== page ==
In His Eyes
chris lafond realizes the vision for his home
Photos by Jane Beiles
You can live in Wilton for years and think you know the town and its geography well, until you suddenly find yourself on a beautiful residential street close to the town center that you’ve never heard of or seen before. That’s what Chris Lafond was thinking 18 months ago when he arrived to tour a potential home for himself and his two children, situated at the end of Graenest Ridge Road. Nothing gets a second chance to make a first impression and this two-acre property abutting Bradley Park and 80 acres of scenic trails didn’t disappoint.
The 5,600-square-foot Colonial needed quite a bit of updating, but the light-filled home was structurally sound, had good bones, and lots of potential. Even though Lafond had never overseen a renovation before, let alone made aesthetic design decisions, he was not deterred. He bought the house and, on the recommendation of a friend, enlisted the help of New Canaan interior designer Emily Fuhrman of Sage & Ginger.
He knew what he wanted, which, according to Fuhrman, is always a huge plus. “Chris is clear on his needs and goals, thoughtful and definitive when making decisions, engaged and excited by the whole design process. What more could you ask?” The two clicked and so began a year-long collaboration.
On the main floor, there were four spaces, including living and dining rooms, a family room, and kitchen, all opening to a center hall running from the front to the back of the house. But every room had doors that effectively cut them off from each other. “The rooms were too closed off,” says Lafond. “We removed four sets of French doors and opened up two walls to increase flow and connect all the spaces.”
One of the first things you notice is the amount of natural light. Even on an overcast, rainy day, the home’s interiors are bathed in a luminous glow. The abundance of tall casement windows showcase spectacular views, a feature the homeowner wanted to take full advantage of. “We made sure the window treatments were minimalist and clean, to finish the spaces but not detract from the light,” says Fuhrman.
The primary color palette incorporates warm earth tones. “Beiges and greiges with a shot of blue,” says Emily. The neutral color scheme is relaxing, clean, and timeless while also complementing the stone, slate, and iron finishes throughout the house.
Lafond describes his style as “minimalist and not fussy,” which is reflected in the simple lines of the furniture and accessories. He wanted every room to be comfortable, inviting, and uncluttered. All the artwork was chosen by Lafond. Many of the pieces were picked up while travelling on business during his ten years as CFO for Gartner, a Stamford-based technology firm. “I wanted everything on the walls to have personal meaning,” he says. “The art is from Cape Town, Sydney, Melbourne, Hawaii, the Bahamas, and various countries across Europe. The Wilton sign was found here in town at Signature Style.”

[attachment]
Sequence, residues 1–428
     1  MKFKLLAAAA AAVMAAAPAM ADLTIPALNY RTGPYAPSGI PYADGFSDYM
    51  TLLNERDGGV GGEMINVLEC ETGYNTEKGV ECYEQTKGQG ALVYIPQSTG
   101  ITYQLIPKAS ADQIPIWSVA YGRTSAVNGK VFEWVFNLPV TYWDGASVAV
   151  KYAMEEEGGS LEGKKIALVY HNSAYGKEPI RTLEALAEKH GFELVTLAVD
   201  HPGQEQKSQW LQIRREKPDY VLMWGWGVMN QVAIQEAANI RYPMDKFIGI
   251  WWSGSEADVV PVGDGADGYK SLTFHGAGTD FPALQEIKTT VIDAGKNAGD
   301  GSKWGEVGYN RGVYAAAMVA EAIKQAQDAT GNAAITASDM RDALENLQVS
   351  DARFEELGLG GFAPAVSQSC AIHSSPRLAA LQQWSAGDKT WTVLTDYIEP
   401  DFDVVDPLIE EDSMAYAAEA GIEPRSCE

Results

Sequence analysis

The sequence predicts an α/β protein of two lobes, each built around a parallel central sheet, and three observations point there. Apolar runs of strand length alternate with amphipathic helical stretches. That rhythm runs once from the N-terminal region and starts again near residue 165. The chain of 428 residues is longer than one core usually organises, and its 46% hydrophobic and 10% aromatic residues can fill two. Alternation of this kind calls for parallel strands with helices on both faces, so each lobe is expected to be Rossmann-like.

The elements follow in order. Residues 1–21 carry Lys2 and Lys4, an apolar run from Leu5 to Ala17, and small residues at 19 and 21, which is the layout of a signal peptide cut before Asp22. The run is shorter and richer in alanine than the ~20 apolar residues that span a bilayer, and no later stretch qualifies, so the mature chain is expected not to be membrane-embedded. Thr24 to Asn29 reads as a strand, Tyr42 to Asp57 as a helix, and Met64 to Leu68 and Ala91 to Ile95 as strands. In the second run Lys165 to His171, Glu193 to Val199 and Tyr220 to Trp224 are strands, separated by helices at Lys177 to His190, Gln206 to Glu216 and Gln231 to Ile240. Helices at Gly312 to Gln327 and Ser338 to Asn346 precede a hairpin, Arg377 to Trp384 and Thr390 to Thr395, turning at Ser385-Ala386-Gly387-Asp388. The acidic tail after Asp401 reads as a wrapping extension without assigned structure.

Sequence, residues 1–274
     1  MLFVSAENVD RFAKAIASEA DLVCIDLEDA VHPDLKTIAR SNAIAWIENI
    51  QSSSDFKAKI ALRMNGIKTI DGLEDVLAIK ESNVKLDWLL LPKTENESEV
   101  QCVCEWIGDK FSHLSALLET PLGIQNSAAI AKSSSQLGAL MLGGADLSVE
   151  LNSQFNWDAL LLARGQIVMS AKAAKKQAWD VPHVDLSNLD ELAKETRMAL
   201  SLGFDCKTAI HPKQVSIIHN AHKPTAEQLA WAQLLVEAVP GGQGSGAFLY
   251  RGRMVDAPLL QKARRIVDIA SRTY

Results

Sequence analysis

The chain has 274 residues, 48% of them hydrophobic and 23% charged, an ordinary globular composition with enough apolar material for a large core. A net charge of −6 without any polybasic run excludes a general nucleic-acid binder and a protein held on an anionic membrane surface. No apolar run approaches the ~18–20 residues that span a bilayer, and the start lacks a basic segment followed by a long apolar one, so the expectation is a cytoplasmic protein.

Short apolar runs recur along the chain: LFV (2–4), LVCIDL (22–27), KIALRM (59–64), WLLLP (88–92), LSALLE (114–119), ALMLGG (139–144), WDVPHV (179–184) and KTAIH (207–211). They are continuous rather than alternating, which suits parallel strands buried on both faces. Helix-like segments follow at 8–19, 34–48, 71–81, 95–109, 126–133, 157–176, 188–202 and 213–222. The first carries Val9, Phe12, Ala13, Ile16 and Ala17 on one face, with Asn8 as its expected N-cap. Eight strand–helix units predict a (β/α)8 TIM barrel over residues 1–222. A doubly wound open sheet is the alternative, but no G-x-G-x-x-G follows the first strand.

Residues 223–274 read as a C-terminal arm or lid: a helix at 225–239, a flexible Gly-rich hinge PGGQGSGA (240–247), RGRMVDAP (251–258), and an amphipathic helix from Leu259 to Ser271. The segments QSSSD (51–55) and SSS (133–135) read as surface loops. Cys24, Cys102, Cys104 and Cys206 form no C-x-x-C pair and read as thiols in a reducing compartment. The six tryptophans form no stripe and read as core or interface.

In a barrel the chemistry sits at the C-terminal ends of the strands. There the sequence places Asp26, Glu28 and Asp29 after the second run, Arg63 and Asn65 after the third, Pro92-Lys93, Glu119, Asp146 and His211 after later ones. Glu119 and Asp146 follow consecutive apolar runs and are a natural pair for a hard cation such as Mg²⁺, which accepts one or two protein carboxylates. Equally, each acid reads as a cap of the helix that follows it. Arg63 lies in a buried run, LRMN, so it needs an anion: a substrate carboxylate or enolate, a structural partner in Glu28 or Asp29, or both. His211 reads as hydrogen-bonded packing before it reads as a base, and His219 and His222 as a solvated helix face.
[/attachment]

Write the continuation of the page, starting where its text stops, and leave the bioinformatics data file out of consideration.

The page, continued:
Fuhrman describes the home’s aesthetic as wine country chic. “Chris’s passion for wine helped inspire the design. We took cues from wine country, but went more refined than farm. Comfort also played a key role.” Fuhrman stresses that it was important to design the main floor spaces as a unit. “They all had to speak to each other but still tell their own stories.”
And tell stories they do. Particularly the dining room, with its striking feature wall of stacked stone, with large glass doors leading into a spectacular wine room, which was created by eliminating an unnecessary second front entrance to the house.
A Phillip Jeffries cork wallpaper on the ceiling adds a touch of whimsy and it so closely resembles actual cork that it fools the eye. “People always put wine cellars in their basements, and no matter how nice they are, no one wants to go down and sit in the dark,” says Lafond.
Unlike many renovation projects, there was no drama, no nightmares, and no botched jobs. “I worked with a great contractor—Val LeBlanc from Norwalk. He’s responsible for everything you see and everything you don’t,” says Lafond with a smile.
And how do his children, Brian, a Muhlenberg College freshman, and Megan, a Wilton High School sophomore, like their new home? “Initially it was an adjustment,” says Lafond. “But now they both love the house—they’ve had sleepovers and parties here, and they feel comfortable.”
After a six-month hiatus, the homeowner is now focused on updating the kitchen and revamping the master bath. “I wanted my home to be a place where I walk in and it feels like me, and I think we accomplished that,” says Lafond. “I thought this house would be a good investment for the short term, but now that it’s customized to my tastes, it’s really an expression of who I am. So I could certainly see myself living here for a while.”